Beijing Olympics: Some Observations

The impressive Beijing Olympics Opening Ceremony was no mere cultural performance: with it, China showcased its ancient civilisation as well as the remarkable technological prowess achieved by a third world Asian country. The opening ceremony was, beyond doubt, a political assertion, loud and clear, against the arrogance and racism of the West and expressed the sentiment of Chinese nationalism deeply felt by its people. The enthusiasm and involvement of Chinese people in the Games is also quite palpable and visible; and it is the human resources of China that stole the Opening Ceremony show both in terms of quantity (by far the highest number of performers in any Olympic Ceremony, most from the PLA) and quality (artistic excellence, perfect synchronisation and discipline). China’s impressive medals tally has also spoken for itself – with Chinese sportspersons making inroads into the virtually every bastion of sports, and emerging triumphant more often than not.

For India, the comparison (and contrast) with China is almost inevitable. India feels justifiably proud of those who won three medals – one gold in shooting, and two bronzes each in wrestling and boxing. But what comes through clearly is that those achievements have happened in spite of the entrenched apathy, neglect, and corruption of the Indian sporting establishment. In Abhinav Bindra’s case, the necessary infrastructure and training was provided by the private efforts of his industrialist father who provided for a state-of-the-art shooting range, and international coaching and training facilities. The story is much the same in the case of India’s few tennis pros – only those who have the private means for proper training have been able to make it to international competition. However, the showing of boxers and wrestlers from humble rural backgrounds of Bhiwani (Haryana) and Najafgarh (Delhi) – not just the medal-winners but also those who who exhibited potential for international sporting excellence – is a reminder that India no doubt has a wealth of sporting talent that, in most cases, remains untapped when it is not backed by private means. What makes the achievement of these boxers and wrestlers all the more remarkable is their ability to overcome the odds of elementary and primitive training conditions.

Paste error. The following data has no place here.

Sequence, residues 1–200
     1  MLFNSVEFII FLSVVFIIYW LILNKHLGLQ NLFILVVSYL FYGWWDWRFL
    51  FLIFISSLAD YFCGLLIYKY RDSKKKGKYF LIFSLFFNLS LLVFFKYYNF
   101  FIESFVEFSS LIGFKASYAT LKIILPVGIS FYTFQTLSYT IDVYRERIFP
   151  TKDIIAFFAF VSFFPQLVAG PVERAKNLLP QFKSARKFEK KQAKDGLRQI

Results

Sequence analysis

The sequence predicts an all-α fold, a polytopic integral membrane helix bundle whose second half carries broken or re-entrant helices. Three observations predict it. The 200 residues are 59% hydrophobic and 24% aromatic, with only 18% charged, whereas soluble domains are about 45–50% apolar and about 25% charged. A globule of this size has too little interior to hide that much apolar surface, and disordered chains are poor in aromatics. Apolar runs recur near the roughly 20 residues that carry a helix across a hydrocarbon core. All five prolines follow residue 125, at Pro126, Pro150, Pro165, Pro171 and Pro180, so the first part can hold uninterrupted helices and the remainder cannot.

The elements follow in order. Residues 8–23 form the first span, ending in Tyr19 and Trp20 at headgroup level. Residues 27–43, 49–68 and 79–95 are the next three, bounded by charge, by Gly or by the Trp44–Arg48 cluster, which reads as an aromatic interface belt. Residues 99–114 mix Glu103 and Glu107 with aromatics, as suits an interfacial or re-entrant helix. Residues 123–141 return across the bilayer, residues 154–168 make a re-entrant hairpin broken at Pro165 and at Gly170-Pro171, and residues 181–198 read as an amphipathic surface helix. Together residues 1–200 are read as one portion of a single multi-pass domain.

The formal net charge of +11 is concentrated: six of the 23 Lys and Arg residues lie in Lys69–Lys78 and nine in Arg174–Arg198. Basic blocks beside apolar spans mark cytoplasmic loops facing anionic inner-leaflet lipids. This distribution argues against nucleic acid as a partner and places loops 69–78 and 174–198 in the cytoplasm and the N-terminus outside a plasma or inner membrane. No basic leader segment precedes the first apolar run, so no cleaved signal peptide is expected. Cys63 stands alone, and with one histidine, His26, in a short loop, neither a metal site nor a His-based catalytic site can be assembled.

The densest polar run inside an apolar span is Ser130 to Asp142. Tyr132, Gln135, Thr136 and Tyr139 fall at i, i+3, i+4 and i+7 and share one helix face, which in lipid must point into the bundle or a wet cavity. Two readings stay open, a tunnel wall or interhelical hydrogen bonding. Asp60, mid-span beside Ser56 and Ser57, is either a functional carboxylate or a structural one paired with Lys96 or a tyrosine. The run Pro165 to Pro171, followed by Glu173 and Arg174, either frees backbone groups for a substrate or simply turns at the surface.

In the past too, the performance of Indian athletes like Milkha Singh, P T Usha as well as hockey players like Dhyanchand and Dhanraj Pillai have been eloquent proof of the fact that ordinary Indians can have extraordinary sporting talent – but in most cases, the Indian sporting establishment has displayed shocking lack of the most basic respect for these figures. The legendary Dhyanchand who gave us a first Olympic gold in hockey died in penury; P T Usha was not even invited to bear the Olympic torch – passed over for film celebrities.